Object Tracking Camera Slider Gets The Nice Shots

In this day and age, where all leisure activities must be duly captured and monetized online, camera sliders are hot items. Many start with a simple manual build, before graduating to something motorized for more flexibility. [Saral Tayal] took things a step further, implementing a basic tracking mode for even sweeter shots. 

The build is mechanically simple, relying on 8mm steel rods and linear bearings more typically found in 3D printers. An Arduino Uno is pressed into service to run the show, outfitted with an OLED screen to run the interface. A RoboClaw motor controller is used to control the geared DC motors used, one controlling the linear motion, the other the rotation of the camera.

With encoders fitted to the motors, the RoboClaw controller enables the Arduino to track the position and rotation of the slider as it moves. The slider then can be given the position of an object relative to itself. With a little maths, it will rotate the camera to track the object as it moves along.

It’s a simple addition to the typical slider build that greatly increases the variety of shots that can be achieved. There are plenty of ways to go about building a slider, too, as we’ve seen before. Video after the break.
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Trill: Easy Positional Touch Sensors For Your Projects

Creating capacitive touch-sensitive buttons is easy these days; many microcontrollers have cap-sense hardware built-in. This will work for simple on/off control, but what if you want a linear, position-sensitive input, like you’d find on a computer touchpad or your smartphone screen? Not so easy — at least until now. Trill is a family of capacitive touch sensors you can add to your projects as a linear slider, a square touchpad, or by creating your own touch surface.

Trill was created by the same team that designed Bela, an embedded platform for low-latency interactive applications, especially with audio. The new trio of Trill sensors rely on capacitive sensing to track finger movement, and communicate over I2C with your microcontroller or development board of choice. The Trill I2C library targets Arduino and Bela, but should be easy to port to any I2C host.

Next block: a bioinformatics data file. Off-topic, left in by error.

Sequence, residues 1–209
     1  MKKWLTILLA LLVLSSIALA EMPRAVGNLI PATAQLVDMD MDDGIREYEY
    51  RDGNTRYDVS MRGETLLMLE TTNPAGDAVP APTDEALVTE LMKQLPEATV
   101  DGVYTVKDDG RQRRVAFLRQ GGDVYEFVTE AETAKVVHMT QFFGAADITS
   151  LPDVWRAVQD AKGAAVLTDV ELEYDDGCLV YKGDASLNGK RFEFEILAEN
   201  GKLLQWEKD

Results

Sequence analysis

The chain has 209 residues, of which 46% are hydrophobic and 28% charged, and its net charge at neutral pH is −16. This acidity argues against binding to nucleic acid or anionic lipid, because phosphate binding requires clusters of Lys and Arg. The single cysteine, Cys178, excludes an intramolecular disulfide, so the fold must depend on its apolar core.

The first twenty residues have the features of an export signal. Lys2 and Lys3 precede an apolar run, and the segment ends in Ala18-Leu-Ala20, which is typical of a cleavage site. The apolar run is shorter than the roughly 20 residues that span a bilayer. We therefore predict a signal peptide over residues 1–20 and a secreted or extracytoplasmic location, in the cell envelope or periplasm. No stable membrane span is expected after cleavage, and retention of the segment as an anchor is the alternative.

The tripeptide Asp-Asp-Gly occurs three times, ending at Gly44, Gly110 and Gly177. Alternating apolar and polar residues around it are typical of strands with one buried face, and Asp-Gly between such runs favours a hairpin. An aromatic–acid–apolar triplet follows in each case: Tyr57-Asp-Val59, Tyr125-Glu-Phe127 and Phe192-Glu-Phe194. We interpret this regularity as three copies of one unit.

The hardware and software are both open-source — or will be as the Kickstarter that launched this morning has already met its goal. The firmware for the Cypress CY8C20636A (PDF) controller that powers these sensors will be released CC-BY-NC-SA. But, starting with the controller itself sounds like a lot of work that Trill has already done for you, so let’s have a look at what we know so far, along with a healthy dose of speculation.

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Simple Camera Slider Adds A Dimension Or Two To Your Shots

Camera sliders are a popular build, and properly executed they can make for impressive shots for both time-lapse sequences or real-time action. But they seem best suited for long shots, as dollying a camera in a straight line just moves subjects close to the camera through the frame.

This slider with both pan and tilt axes can make moving close-ups a lot easier. With his extremely detailed build log, [Dejan Nedalkovski] shows how he went about building his with only the simplest of materials and tools. The linear rail is simply a couple of pieces of copper pipe supported by an MDF frame. The camera trolley rides the rails on common skateboard bearings and is driven by a NEMA-17 stepper, as are the pan and tilt axes. [Dejan] also provided a barn-door style pivot to tilt the camera relative to the rails, allowing the camera to slide up and down an inclined plane for really interesting shots. The controller uses an Arduino and a joystick to drive the camera manually, or the rig can be programmed to move smoothly between preset points.

This is a step beyond a simple slider and feels a little more like full-blown motion control. We’ve got a feeling some pretty dramatic shots would be possible with such a rig, and the fact that it’s a simple build is just icing on the cake.

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Improving Controls For A Camera Slider Kit

We’ve all gone through it. You buy a kit or even an assembled consumer item, and it’s either not quite right or it’s only a part of what you need. Either you do a fix, or you add to it. In [Jeremy S. Cook’s] case, he’d been working for a while with a camera slider kit which came with just the slider. He’d added a motor and limit switches but turning it on/off and reversing direction were still done by manipulating alligator clips. Now he’s put together some far better, and more professional-looking controls.